School counselors say their jobs are in jeopardy under state plan

Public school counselors said Thursday their education role would be radically diminished or even eliminated under a plan by state Superintendent of Education John White to give local districts more flexibility.

Under current rules, high schools are supposed to have one counselor for every 450 students.

White’s proposal would eliminate that requirement.

A committee of the state Board of Elementary and Secondary Education is set to take up the issue on Tuesday at 10 a.m.

Cathy Smith, president of the Louisiana School Counselors Association, said counselors play a vital role in assisting students and that abolishing the staffing requirement would hurt the state’s bid to improve public education.

“If a counselor is doing what they are supposed to be doing, they are making a huge difference,” said Smith, a counselor at Hathaway High School in Jennings.

Critics contend that White’s proposal would hurt students by relying on untrained officials to handle duties long done by counselors. hey said that, without the current staffing requirement, some school districts will eliminate counselors in favor of football coaches or other spending. “And I think it would be devastating,” Smith said.

High school counselors are supposed to assist students on course selections, make sure they are on schedule to graduate, and assist in college and career options.

In some districts they interpret tests, grapple with student disciplinary problems and oversee student records, among other duties.

Frank Phinney, a counselor at Walker Freshman High School, said White’s plan is a drastic change and one that would damage public schools. “It is just a complete disregard for our training, the role that we play, and I think it is just wrong,” Phinney said.

Even the current mandate — one counselor for every 450 students — is too lax, he said. “Even that is well above the national recommendation, which is like 250 to 1,” Phinney said.

White, asked for comment about the criticism, issued a prepared statement.

The superintendent said counselors provide “invaluable services” that assist students in their personal development. “But schools should be able to use partnerships, vendors, part-time staff and others, along with full-time counselors, to achieve (goals) in the way that is best for their students,” according to the statement.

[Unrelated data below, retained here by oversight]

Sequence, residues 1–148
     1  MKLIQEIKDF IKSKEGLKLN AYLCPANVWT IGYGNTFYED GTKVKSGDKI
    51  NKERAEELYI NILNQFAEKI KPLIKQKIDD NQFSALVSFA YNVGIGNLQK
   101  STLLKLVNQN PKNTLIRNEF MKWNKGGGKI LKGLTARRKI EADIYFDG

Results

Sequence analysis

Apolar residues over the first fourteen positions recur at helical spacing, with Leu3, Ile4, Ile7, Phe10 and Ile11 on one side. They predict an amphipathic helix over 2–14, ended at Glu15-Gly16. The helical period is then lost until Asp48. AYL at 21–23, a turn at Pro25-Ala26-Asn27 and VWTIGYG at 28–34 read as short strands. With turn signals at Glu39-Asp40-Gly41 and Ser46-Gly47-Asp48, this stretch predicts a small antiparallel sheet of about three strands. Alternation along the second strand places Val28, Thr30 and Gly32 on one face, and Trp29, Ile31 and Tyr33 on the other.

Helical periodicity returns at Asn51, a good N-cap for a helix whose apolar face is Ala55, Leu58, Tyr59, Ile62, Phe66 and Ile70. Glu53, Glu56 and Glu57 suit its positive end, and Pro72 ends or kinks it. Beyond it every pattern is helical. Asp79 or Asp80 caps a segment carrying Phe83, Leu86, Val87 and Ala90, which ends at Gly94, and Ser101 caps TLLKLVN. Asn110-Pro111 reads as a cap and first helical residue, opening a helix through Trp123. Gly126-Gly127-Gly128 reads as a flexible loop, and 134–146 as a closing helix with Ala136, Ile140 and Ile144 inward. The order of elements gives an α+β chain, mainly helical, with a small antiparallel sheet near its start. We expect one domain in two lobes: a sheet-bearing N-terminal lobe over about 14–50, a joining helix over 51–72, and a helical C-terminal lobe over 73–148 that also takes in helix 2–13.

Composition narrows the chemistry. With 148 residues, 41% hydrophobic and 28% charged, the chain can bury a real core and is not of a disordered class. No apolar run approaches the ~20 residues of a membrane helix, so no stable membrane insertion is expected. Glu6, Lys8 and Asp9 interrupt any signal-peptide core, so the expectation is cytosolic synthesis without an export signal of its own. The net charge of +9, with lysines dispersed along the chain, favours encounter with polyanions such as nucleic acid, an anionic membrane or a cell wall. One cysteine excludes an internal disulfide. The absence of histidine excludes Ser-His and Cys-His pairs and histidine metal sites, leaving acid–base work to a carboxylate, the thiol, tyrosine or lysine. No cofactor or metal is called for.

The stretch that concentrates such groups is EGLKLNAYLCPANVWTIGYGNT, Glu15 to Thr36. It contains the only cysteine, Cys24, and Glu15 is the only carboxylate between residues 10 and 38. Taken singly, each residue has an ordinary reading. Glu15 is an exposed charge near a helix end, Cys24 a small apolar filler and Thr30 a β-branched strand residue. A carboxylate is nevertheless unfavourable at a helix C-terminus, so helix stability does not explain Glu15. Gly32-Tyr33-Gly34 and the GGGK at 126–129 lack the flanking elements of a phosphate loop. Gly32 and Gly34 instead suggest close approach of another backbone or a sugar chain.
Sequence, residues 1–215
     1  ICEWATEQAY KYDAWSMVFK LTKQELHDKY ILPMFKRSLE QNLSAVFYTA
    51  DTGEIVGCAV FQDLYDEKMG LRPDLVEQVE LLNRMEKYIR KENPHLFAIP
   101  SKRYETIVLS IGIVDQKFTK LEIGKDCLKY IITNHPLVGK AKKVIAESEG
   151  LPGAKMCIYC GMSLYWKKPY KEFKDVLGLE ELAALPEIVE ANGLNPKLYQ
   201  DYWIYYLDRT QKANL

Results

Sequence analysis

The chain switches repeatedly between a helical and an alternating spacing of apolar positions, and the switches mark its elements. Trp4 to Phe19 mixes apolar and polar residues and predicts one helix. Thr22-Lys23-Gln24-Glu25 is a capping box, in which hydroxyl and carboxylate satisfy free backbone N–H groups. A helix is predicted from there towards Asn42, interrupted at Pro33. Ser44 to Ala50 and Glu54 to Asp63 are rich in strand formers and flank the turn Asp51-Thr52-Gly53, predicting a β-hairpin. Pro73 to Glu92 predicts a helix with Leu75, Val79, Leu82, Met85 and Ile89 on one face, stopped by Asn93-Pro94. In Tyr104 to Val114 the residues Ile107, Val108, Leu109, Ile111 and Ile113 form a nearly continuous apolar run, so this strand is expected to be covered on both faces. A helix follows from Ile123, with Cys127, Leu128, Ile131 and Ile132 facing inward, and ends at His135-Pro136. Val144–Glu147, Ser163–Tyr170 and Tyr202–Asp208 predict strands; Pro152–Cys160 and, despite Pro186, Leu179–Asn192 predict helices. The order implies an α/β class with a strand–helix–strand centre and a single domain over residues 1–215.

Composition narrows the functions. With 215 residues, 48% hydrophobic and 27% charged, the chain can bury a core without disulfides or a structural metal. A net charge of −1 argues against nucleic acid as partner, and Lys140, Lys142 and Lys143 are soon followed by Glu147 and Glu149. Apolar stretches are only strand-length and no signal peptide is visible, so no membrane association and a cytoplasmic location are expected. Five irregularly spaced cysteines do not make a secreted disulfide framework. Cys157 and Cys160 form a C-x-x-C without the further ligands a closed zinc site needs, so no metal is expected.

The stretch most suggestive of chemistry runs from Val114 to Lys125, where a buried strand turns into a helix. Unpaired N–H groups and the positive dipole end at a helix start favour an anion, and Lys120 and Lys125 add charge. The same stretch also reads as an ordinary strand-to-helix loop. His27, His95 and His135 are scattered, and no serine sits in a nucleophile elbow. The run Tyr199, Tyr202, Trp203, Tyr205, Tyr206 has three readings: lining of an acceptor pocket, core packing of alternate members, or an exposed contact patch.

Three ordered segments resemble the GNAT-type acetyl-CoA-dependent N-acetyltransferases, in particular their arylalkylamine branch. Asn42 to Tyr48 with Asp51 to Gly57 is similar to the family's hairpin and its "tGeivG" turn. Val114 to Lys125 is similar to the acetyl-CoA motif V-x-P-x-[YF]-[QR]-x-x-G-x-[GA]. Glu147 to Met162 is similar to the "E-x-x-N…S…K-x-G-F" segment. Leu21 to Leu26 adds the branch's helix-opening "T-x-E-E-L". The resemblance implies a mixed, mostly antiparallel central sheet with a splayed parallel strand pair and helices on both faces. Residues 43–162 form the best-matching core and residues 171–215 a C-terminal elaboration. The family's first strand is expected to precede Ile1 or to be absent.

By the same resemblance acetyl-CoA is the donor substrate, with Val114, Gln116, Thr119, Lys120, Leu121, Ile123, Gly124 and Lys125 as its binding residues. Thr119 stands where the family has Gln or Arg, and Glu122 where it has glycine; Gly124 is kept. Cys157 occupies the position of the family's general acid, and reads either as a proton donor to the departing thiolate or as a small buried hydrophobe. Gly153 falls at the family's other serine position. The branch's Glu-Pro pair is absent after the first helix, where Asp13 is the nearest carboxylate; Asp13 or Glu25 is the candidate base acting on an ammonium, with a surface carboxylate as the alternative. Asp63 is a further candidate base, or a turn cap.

Smith, who has exchanged emails with White about her concerns, noted that counselors are required to have advanced degrees.

“They are looking at a team of people to meet the needs,” Smith said. “Unfortunately, these people aren’t trained.”

Ending the staffing rule would also open the door to eliminate counselors, she said.

“To me that is what it is,” Smith said of White’s plan.

The state has about 2,300 school counselors, state education officials said.

The change is included in the superintendent’s plan to overhaul the state handbook for school administrators, which is called Bulletin 741.

White has said his proposal would allow local school districts to set their own academic calendar and allow students to earn credit for subjects where they can show proficiency rather than attending the class.

BESE leaders say they expect the plan to win approval next week.

Counselors contend that the only BESE members who have shown sympathy for their concerns are Lottie Beebe, of Breaux Bridge, and Carolyn Hill, of Baton Rouge.

Neither could be reached for comment.

Michael Lefort, who lives in Cutoff, recently retired after 33 years as a school counselor.

“The potential negative impact for students will become staggering,” Lefort said in an email when asked about the proposed change.

The role of counselors in public high schools has been debated at BESE off and on since 2007.

In the past, critics have said, counselors were routinely assigned odd tasks, such as prom planning and organizing the 4-H Club, and that doing so hurt their ability to help students.

But officials said that the state redefined the role of counselors a few years ago to follow a national model aimed at improving student achievement.

“And the whole counseling phenomenon that we were excited about is going to go by the wayside,” Smith said.